The Australian government's move to raise the pension age to 70 by 2035 has "terrified" some older jobseekers, who said they were already struggling to compete for work with candidates decades their junior.
The Federal government flagged plans to reintroduce legislation to raise the pension age from the current 65 years six months, to age 70 by 2035.
But with the pressure on workers to stay in paid employment longer, some have called for bosses to reform their attitudes and find longer-term career paths for their employees.
The National Willing to Work report, recently released by the Australian Human Rights Commission, exposed widespread discrimination against older workers, and the myths that they were "forgetful, inflexible", and had trouble learning new skills.
Former Human Rights Commissioner Susan Ryan told the National Press Club last month attitudes must change because there were huge economic benefits in employing mature aged workers.
"The business case for employing older workers is undeniable, yet only relatively few businesses are doing it," Ms Ryan said.
The report found one in 10 business had a maximum age above which they would not recruit - and the average age was 50.
But it was not just private enterprise at fault, with the Council on the Ageing (COTA) claiming the Federal government's recruitment practices, which required candidates to disclose their age, only reinforced the problem.
The report also found:
- Individuals who were subject to negative assumptions, stereotypes and discrimination could experience stress, and a decline in physical and mental health;
- That some government policies and the operation of some government programs were "not achieving their intended objectives and may be serving as a disincentive to workforce participation";
- A 7 percent increase in mature-age labour force participation would raise gross domestic product in 2022 by approximately $25 billion;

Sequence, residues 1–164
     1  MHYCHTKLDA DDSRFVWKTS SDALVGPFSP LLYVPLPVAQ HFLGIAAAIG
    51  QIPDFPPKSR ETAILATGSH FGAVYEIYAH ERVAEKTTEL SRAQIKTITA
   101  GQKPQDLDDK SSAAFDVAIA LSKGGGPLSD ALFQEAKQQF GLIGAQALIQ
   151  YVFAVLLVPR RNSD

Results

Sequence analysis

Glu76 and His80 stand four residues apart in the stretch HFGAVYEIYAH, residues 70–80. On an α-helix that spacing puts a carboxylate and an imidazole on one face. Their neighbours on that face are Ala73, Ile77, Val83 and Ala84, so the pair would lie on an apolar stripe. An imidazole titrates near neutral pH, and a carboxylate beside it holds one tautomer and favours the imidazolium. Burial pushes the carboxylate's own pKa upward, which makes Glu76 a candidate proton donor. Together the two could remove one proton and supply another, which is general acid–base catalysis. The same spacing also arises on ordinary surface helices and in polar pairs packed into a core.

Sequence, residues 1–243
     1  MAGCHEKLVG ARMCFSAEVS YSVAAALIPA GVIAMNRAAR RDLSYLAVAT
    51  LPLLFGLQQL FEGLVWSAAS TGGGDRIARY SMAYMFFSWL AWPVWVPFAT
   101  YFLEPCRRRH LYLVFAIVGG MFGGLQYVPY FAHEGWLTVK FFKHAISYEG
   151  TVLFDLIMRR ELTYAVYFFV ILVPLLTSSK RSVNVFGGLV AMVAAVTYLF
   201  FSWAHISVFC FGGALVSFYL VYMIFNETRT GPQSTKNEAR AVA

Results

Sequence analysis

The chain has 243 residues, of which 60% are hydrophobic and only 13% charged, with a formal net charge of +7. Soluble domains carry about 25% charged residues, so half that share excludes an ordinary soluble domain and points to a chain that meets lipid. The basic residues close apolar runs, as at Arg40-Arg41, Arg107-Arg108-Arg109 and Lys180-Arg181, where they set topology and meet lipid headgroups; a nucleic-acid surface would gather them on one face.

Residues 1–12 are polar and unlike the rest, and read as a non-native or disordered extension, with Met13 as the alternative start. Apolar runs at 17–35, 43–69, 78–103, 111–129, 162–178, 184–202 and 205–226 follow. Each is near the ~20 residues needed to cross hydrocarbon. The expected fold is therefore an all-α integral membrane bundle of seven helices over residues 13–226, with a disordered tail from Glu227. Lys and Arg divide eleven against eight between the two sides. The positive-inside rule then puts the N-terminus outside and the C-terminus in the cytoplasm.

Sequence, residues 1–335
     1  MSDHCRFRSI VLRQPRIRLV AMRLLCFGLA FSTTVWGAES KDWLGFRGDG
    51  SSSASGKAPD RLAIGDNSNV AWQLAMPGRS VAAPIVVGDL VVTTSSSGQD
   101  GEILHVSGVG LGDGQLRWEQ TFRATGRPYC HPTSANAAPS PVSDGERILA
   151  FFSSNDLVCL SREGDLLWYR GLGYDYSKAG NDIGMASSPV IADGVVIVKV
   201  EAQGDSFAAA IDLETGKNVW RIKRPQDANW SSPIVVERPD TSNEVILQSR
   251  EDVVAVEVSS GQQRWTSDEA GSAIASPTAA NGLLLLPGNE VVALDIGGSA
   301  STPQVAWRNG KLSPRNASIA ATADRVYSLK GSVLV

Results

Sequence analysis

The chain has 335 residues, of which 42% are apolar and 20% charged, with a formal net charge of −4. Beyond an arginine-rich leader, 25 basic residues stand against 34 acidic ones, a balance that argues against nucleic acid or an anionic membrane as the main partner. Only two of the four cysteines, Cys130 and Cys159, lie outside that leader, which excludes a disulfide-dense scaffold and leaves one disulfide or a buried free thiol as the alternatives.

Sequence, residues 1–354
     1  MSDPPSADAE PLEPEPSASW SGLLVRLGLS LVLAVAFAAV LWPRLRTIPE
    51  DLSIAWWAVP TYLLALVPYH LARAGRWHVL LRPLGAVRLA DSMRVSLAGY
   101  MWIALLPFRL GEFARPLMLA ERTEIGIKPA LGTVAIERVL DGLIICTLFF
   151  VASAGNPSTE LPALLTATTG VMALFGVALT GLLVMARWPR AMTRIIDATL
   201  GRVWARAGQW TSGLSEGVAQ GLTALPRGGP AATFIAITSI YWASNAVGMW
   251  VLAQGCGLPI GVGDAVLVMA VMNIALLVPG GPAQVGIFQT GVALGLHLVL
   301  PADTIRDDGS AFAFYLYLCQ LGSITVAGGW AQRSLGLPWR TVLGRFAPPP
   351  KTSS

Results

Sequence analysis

- Employment discrimination against people with disability was "ongoing and systemic".
COTA ACT executive director Jenny Mobbs said older candidates were too often missing out on jobs.
"The selection panels in the public service can be quite a young group of people, and they don't want their mum or their dad walking in and taking over in the workforce," Ms Mobbs said.
"It's a really complex issue, certainly one where the discrimination's certainly there.
"If a 35-year-old applies for a job, and a 60-year-old applies for the job, the 35-year-old, particularly in Canberra, will get the job.
"Younger people don't like to work with older people who've got much more experience because they feel threatened."
Seminars helping older Australians re-enter the workforce
COTA ACT has been holding seminars for older workers trying to re-enter the workforce, including training on how to get interviews and how to compete with much younger candidates.
Participant Tanya Astle said it was common for mature-aged jobseekers to be overwhelmed by the challenges of finding work.
"There's a lot of frustration in the group with not being able to get work ... but what we've found in the group that it's really good to get together to support each other and to vent," Ms Astle said.
Ms Astle has recently retrained, but admitted being daunted at the prospect of having to start a new career at her age.
"Honestly, it is terrifying. Yes, for me it's quite nerve-wracking," she said.
Former senior executive Gloria Loewe, 56, said she had lost track of the numbers of knock-backs she has had in trying to find work.
"I stopped counting ... it's depressing if you start counting," Ms Loewe said.
And she echoed a similar sentiment of other mature aged workers: that working is about self satisfaction rather than ruthless ambition.
"It's not so much to make money, or have a position - I already did that," Ms Loewe said.
Key recommendations from the commission's report included creating a Minister for Longevity, government targets for older worker recruitment, and better education to dispel myths and stereotypes about older employees.